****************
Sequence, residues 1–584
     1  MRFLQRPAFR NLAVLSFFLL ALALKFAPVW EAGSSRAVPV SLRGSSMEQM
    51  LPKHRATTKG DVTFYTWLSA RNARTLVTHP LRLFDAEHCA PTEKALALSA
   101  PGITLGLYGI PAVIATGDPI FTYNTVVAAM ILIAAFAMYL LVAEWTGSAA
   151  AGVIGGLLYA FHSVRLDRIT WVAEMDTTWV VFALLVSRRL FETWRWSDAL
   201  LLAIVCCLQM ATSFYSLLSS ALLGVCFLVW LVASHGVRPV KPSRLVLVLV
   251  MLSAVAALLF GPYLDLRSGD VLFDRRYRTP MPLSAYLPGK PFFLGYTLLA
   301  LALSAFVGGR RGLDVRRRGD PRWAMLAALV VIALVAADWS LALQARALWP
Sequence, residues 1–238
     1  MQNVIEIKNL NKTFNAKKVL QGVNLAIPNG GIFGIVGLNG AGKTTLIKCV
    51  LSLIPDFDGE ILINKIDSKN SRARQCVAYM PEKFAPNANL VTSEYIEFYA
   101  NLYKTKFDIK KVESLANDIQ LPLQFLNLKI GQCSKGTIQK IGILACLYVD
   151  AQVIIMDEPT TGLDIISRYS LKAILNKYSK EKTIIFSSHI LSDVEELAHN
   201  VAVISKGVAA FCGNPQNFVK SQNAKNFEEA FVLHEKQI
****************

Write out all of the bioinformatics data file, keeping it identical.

Sequence, residues 1–584
     1  MRFLQRPAFR NLAVLSFFLL ALALKFAPVW EAGSSRAVPV SLRGSSMEQM
    51  LPKHRATTKG DVTFYTWLSA RNARTLVTHP LRLFDAEHCA PTEKALALSA
   101  PGITLGLYGI PAVIATGDPI FTYNTVVAAM ILIAAFAMYL LVAEWTGSAA
   151  AGVIGGLLYA FHSVRLDRIT WVAEMDTTWV VFALLVSRRL FETWRWSDAL
   201  LLAIVCCLQM ATSFYSLLSS ALLGVCFLVW LVASHGVRPV KPSRLVLVLV
   251  MLSAVAALLF GPYLDLRSGD VLFDRRYRTP MPLSAYLPGK PFFLGYTLLA
   301  LALSAFVGGR RGLDVRRRGD PRWAMLAALV VIALVAADWS LALQARALWP
Sequence, residues 1–238
     1  MQNVIEIKNL NKTFNAKKVL QGVNLAIPNG GIFGIVGLNG AGKTTLIKCV
    51  LSLIPDFDGE ILINKIDSKN SRARQCVAYM PEKFAPNANL VTSEYIEFYA
   101  NLYKTKFDIK KVESLANDIQ LPLQFLNLKI GQCSKGTIQK IGILACLYVD
   151  AQVIIMDEPT TGLDIISRYS LKAILNKYSK EKTIIFSSHI LSDVEELAHN
   201  VAVISKGVAA FCGNPQNFVK SQNAKNFEEA FVLHEKQI